DNA interactive agents have been used in the clinical setting for the treatment
of cancer since the beginning of modern-era chemotherapy. Despite a shift of
focus towards molecular targeted therapy, DNA remains a critical macromolecular
target for anti-cancer intervention and the next generation of agents must conform to
the optimum combination of increased therapeutic activity and reduced off-target toxicity.
We evaluate the potential of non-covalent DNA binding small molecules as
“gene-control” agents, exploiting inherent or engineered sequence selectivity, to target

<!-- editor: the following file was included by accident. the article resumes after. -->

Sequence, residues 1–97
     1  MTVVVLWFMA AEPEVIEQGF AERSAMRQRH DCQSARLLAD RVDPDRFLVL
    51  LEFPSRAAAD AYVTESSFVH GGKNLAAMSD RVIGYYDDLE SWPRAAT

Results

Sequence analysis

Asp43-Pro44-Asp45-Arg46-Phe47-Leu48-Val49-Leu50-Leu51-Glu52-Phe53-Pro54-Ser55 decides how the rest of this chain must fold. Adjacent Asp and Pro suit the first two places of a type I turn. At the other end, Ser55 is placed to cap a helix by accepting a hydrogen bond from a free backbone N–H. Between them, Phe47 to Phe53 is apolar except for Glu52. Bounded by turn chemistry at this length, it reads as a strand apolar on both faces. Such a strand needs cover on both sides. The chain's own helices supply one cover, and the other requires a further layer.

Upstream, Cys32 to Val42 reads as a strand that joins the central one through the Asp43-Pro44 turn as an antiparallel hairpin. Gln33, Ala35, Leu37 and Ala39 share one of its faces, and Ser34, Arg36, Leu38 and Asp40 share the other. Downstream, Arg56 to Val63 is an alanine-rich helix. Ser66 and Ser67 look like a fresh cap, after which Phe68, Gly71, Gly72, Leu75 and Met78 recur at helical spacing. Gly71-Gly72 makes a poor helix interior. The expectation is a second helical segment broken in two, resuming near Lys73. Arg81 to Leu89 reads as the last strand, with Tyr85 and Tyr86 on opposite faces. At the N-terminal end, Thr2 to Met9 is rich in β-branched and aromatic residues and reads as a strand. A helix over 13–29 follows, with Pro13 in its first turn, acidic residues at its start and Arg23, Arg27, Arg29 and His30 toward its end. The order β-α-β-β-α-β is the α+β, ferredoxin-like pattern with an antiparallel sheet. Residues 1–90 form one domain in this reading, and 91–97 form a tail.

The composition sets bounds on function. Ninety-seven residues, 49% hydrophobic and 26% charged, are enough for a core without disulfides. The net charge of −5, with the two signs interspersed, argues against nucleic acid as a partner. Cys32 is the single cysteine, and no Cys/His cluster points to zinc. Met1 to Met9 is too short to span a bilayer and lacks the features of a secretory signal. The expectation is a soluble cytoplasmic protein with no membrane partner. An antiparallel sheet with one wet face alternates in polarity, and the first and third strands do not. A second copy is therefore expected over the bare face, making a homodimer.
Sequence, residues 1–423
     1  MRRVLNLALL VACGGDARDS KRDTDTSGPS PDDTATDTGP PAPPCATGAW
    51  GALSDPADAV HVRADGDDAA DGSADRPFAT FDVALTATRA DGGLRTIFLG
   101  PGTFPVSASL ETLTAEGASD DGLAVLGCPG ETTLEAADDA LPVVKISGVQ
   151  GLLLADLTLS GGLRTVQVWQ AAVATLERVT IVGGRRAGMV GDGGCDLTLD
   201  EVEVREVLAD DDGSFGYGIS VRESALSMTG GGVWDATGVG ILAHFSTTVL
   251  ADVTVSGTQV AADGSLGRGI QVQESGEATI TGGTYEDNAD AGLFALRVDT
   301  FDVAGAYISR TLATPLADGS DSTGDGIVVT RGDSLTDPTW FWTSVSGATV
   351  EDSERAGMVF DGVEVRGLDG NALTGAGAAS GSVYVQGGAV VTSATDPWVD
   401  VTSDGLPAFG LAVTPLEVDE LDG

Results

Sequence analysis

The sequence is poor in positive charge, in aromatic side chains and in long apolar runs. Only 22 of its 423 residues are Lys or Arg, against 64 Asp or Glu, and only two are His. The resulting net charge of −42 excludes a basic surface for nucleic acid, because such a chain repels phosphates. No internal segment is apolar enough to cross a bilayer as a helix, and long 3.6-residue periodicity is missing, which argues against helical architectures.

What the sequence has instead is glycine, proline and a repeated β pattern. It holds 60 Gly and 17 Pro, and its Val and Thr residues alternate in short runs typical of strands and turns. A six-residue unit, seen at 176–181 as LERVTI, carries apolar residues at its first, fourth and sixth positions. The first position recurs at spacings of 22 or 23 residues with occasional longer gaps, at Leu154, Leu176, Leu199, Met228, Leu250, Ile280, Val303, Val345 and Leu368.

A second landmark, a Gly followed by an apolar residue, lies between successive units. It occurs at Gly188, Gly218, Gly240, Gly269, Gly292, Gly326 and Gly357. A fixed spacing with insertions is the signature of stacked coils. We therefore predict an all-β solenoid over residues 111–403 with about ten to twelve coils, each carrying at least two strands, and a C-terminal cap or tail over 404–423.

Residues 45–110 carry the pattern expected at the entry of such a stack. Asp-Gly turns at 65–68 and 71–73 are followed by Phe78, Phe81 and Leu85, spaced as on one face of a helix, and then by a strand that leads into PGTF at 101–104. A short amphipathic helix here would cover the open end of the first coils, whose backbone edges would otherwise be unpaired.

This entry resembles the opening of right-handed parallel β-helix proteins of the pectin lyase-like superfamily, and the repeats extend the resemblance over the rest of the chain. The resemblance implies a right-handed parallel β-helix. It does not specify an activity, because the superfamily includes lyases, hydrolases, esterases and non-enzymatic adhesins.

critical genomic sequences. In addition we review examples of natural products and synthetic derivatives that exert their
activity through sequence specific DNA-covalent modification.
Keywords: Alkylating agents, Anticancer chemotherapeutics, Covalent binding, DNA recognition, DNA-targeting agents,
Non-covalent binding, Polyamides, Sequence specificity.
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